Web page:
Writing in his upcoming memoir The Big Fight: My Life In and Out of the Ring, retired boxing legend and Olympic gold medalist Sugar Ray Leonard frankly discusses his problems with cocaine and history of abusing women. Leonard also reveals for the first time that he was sexually abused by one of his Olympic coaches
Leonard writes that when the coach accompanied him as a 15-year-old and another young fighter to a boxing event in Utica, N.Y., in 1971, he had the teenagers take a bath in a tub of hot water and Epsom salts while he sat on the other side of the bathroom. They suspected “something a bit inappropriate” was occurring but did not want to question a strong male authority figure.
Several years later, Leonard describes sitting in a car in a deserted parking lot across from a recreation center, listening intently as the same coach, said to be in his late 40s, explained how much a gold medal at the 1976 Olympics would mean to his future.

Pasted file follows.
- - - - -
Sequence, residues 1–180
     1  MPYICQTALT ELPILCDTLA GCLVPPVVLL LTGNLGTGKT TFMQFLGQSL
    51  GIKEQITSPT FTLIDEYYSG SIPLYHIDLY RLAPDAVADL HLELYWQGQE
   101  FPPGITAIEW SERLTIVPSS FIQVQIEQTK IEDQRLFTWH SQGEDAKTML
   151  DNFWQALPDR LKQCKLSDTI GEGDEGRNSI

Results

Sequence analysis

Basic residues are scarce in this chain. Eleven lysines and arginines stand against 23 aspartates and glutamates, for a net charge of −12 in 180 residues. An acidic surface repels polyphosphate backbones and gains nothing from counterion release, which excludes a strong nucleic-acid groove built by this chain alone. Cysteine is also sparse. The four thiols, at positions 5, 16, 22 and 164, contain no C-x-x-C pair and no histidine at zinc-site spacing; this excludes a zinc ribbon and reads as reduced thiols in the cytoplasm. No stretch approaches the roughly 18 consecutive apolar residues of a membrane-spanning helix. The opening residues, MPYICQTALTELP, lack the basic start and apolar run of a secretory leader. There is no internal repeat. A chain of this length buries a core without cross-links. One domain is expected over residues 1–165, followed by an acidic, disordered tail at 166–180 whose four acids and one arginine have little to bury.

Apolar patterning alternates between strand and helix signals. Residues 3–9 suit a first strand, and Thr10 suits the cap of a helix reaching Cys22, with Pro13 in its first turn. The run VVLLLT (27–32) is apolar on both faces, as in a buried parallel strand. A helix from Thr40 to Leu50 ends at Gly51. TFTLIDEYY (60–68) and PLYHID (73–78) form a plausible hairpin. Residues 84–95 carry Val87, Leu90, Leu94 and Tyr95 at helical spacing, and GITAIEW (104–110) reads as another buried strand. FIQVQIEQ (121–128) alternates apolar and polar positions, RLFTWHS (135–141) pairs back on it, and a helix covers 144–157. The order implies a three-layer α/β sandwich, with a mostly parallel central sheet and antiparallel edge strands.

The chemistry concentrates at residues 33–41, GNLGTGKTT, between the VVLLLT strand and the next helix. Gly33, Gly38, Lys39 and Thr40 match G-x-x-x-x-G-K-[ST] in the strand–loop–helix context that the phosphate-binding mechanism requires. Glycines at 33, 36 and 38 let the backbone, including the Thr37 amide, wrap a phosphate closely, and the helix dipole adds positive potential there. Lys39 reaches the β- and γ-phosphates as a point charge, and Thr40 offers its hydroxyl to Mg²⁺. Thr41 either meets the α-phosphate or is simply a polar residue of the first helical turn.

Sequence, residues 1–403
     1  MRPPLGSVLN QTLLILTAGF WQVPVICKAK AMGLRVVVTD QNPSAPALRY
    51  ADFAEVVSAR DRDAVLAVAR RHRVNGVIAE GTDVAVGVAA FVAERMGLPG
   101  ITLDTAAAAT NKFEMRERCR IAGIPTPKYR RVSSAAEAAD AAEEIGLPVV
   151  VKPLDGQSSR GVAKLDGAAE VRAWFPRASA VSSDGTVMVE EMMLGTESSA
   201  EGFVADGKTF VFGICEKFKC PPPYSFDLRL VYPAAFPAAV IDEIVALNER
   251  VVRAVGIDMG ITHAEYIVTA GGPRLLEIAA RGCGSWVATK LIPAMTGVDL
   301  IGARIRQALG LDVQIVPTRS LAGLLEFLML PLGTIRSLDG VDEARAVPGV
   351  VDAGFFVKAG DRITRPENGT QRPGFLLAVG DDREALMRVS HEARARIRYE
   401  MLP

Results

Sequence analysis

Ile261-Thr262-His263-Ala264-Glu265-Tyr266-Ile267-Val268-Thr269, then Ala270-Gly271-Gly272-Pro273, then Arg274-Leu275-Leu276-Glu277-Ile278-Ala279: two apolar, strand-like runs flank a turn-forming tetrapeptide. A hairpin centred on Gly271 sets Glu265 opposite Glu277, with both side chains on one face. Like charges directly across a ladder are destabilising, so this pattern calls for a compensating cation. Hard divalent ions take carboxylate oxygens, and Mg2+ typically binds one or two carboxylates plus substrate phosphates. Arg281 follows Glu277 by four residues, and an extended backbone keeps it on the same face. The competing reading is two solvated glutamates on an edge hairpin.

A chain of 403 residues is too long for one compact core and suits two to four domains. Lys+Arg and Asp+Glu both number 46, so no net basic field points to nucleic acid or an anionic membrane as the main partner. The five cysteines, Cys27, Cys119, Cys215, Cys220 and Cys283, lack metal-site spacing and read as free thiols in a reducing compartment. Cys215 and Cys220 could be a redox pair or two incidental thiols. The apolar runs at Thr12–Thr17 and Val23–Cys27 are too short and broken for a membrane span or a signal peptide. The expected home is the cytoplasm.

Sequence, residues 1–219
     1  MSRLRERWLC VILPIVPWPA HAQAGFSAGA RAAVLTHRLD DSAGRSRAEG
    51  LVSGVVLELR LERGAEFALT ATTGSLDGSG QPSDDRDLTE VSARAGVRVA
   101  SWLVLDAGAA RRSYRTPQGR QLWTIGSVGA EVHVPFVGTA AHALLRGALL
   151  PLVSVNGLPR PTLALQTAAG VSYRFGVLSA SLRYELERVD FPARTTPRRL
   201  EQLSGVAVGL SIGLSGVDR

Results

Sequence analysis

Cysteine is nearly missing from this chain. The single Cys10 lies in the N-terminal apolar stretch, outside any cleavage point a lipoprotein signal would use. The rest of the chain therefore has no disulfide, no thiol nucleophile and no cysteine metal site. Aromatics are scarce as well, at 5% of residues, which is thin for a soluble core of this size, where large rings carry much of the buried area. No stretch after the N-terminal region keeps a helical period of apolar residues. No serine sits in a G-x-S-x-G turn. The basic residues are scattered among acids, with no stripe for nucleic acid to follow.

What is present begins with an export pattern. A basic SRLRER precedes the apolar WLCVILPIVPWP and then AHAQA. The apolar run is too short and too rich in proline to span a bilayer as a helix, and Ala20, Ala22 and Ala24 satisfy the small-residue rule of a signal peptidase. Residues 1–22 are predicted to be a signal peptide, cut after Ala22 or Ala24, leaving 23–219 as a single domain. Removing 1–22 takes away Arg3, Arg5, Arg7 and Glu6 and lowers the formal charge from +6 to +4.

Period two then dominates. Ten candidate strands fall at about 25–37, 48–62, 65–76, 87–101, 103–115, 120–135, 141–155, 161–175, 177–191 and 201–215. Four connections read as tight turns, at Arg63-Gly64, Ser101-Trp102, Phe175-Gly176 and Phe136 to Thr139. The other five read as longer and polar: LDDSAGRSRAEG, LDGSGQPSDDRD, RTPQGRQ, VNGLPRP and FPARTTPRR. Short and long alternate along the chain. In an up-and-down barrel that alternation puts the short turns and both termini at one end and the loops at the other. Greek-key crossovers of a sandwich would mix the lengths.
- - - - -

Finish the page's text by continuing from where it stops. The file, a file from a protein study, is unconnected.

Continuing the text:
He was flattered, filled with hope, as any young athlete would be. But he writes: "Before I knew it, he had unzipped my pants and put his hand, then mouth, on an area that has haunted me for life. I didn’t scream. I didn’t look at him. I just opened the door and ran."
He adds that when he first decided to discuss the incident in the book, which is co-authored with Michael Arkush, he offered a version in which the abuser stopped before there was actual contact.
"That was painful enough," Leonard writes. "But last year, after watching the actor Todd Bridges bare his soul on Oprah’s show about how he was sexually abused as a kid, I realized I would never be free unless I revealed the whole truth, no matter how much it hurt."
Very refreshing to this honesty coming from a sports figure, especially such a high profile one in the Black community. Jets WR Laveranues Coles went public with his story of childhood sexual abuse in 2005 and many others have followed recently.
Leonard was the first boxer to earn more than $100 million in purses. He is widely considered to be one of the best boxers of all time.